“It was a fraud committed against a number of broadcasters throughout the world, also sellers of rights such as the Premier League and the film industry.

“You involved a large number of people including people from different continents providing services to you.

“You sold 8,000 set top boxes and started services including streaming services, you created an application to enable other devices to access the stream you created.

“In particular devices permitted users to view all Premier League matches and films, some of which hadn’t even been released in the cinema.

 

“The conspiracy started in March 2013. The position was when you first started selling boxes you didn’t believe that to be illegal, but very quickly you realised the illegality of what you were doing.

“You generated receipts totalling £764,000 from the sale of set top boxes.

“You opened a shop, and set up a subscription services undermining and undercutting those provided by legitimate providers.

“Part of the fraud involved overturning and stopping security measures to stop such fraud taking place, including using computer hackers.

“An investigation by the Federation Against Copyright Theft led to searches being carried out, including at Ridley Place, your home address, and incriminating items were found.

“I’m told that the business was winding down, and I’m prepared to accept that.

“The prosecution argues that losses were incurred by the Premier League and filmmakers that ran into the millions.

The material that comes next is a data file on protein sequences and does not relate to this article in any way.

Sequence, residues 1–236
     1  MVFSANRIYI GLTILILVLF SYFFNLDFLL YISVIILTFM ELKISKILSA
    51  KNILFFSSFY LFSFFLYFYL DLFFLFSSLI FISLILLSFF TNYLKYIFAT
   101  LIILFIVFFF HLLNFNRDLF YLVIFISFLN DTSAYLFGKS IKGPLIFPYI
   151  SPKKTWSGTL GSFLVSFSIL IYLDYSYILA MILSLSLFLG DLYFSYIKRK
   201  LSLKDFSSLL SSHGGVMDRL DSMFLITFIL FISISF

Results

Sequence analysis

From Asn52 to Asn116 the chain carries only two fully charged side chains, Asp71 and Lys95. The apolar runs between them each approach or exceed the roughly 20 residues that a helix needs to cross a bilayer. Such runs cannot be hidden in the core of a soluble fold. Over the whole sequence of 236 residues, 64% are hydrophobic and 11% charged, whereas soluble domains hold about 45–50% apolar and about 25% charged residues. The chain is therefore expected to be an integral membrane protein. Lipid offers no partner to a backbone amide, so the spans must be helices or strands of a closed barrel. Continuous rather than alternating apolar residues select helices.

“In my judgement it’s clear the losses would clearly run into excess of a million pounds.

“You took a leading role in the conspiracy and you involved others, including your wife and brother-in-law.

“You did commit a serious fraud offence in America. On October 12 2010 you pleaded guilty to 10 counts of bank fraud before a court in Houston. You were sentenced to 41 months in prison and were released in May 2012.”

Turning to his wife, the judge added: “Mary Gilfillan, I was very, very close to locking you up immediately with your husband.

“I’m satisfied you are a deeply loyal wife, perhaps loyal to a fault.

“You’ve never been in trouble before and you would never have become involved save for the impact of your husband.

“It’s that which is the most powerful thing that saves you.”

David Groome, prosecuting, said the fraud ran from March 2013 to July 2015.

“The conspiracy was coordinated by Mr Haggerty, assisted by his wife Mrs Gilfillan”

He told the court: “This concerns a highly sophisticated fraud committed against numerous broadcasters throughout the world and those who have an interest in the content, including the FA Premier League and the film industry.

“The conspiracy was coordinated by Mr Haggerty, assisted by his wife Mrs Gilfillan. She played a subordinate role but was a willing participant in the fraud.